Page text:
5 ways to have a healthy gut during the holidays

With the holidays here, maintaining a healthy gut may seem daunting. There are heavily scented fragrances, festive treats, and more alcohol around than usual. It’s no wonder many people struggle with maintaining the healthy habits they have established throughout the year. So here are some of my top tips to help you maintain your healthy gut and continue to grow and allow that microbiome to flourish.

1. Mind the processing

It’s easier said than done, but there are many clean and festive food options for you and your family to enjoy. For example, try sprinkling some cinnamon and coconut oil on roasted sweet potatoes for a cozy, seasonal treat. Or, make your homemade apple cider without all the extra sweeteners and chemicals that often come in store-bought packages. Get creative with this season’s produce by focusing on whole foods. Shop for squashes like acorn and butternut or leafy greens like swiss chard and brussels sprouts. Because there are many prebiotic foods out there, it is more than feasible to add some to your holiday feast to help out your digestive system and keep your gut microbiome nourished!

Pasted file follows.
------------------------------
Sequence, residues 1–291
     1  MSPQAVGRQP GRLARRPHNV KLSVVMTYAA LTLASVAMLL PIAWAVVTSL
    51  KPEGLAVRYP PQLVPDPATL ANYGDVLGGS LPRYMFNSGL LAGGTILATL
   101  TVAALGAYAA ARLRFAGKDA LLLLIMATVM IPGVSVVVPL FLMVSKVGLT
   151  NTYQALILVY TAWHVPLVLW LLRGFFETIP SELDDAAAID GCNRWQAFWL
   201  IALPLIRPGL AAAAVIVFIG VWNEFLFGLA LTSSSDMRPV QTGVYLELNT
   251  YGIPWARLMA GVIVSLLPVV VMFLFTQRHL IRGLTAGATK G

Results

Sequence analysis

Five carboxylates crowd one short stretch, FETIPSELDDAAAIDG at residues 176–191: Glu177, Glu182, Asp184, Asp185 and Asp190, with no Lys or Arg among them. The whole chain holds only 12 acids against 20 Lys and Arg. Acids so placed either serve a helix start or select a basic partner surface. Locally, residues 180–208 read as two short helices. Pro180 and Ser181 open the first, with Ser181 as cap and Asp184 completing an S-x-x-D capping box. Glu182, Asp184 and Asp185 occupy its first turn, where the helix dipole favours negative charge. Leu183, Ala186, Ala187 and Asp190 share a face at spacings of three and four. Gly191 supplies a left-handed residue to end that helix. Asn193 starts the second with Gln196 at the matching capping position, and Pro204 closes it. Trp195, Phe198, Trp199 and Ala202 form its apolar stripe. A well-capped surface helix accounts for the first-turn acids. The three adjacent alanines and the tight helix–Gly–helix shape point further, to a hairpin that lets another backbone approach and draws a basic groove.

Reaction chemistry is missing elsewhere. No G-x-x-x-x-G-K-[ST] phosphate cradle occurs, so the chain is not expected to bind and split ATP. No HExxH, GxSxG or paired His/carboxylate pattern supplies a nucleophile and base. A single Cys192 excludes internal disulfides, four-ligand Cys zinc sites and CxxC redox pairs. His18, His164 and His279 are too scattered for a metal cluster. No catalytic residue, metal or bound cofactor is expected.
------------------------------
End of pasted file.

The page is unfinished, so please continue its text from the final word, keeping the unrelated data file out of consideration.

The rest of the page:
Make a plan!

Making a meal plan with a detailed grocery list can help you stick to your goals and avoid the temptation of picking something up that may disrupt the gut microbiome. During the holidays, it is common to see that there is a decrease in consumed fruit, vegetables, nuts, whole grains, and legumes. Too much rich, fatty and sweet food can impair your digestive system, so finding a good balance is essential. I usually sit down over the weekend, outlining what my family will eat for each meal the following week, and then itemize our grocery list before heading out. Then, to make it extra fun, I let my son help pick out the produce items he thinks look best. I take the time to note different nutrients and details about each item we select. It makes it both fun and educational!

2. Decrease your toxin load inside the home

It’s amazing how much various toxins can impact the health of your gut. Fall and winter means we spend much more time indoors and our indoor toxins load is at an all time high. Avoid using fragrances, traditional candles which all leave more toxins in the air. All of these contain toxins disruptive to your lungs, immune system and hormones. This is also a great time to invest in an indoor air filter for your home. See my recommendations here for my favorite air filter and here for my favorite water filter!

Instead of purchasing chemically produced candles, you can easily make your stovetop potpourri with orange slices, cinnamon sticks, apple slices, and a little water. Want to mix it up? Add in a bit of vanilla for extra spice. As a family, we work to incorporate healthy traditions into our holiday season. Instead of buying an artificial tree filled with all kinds of chemicals, we have an outdoor adventure of picking our own evergreen and decorating it with things like strings of popcorn and cranberries. This also makes for a fun craft for the kids!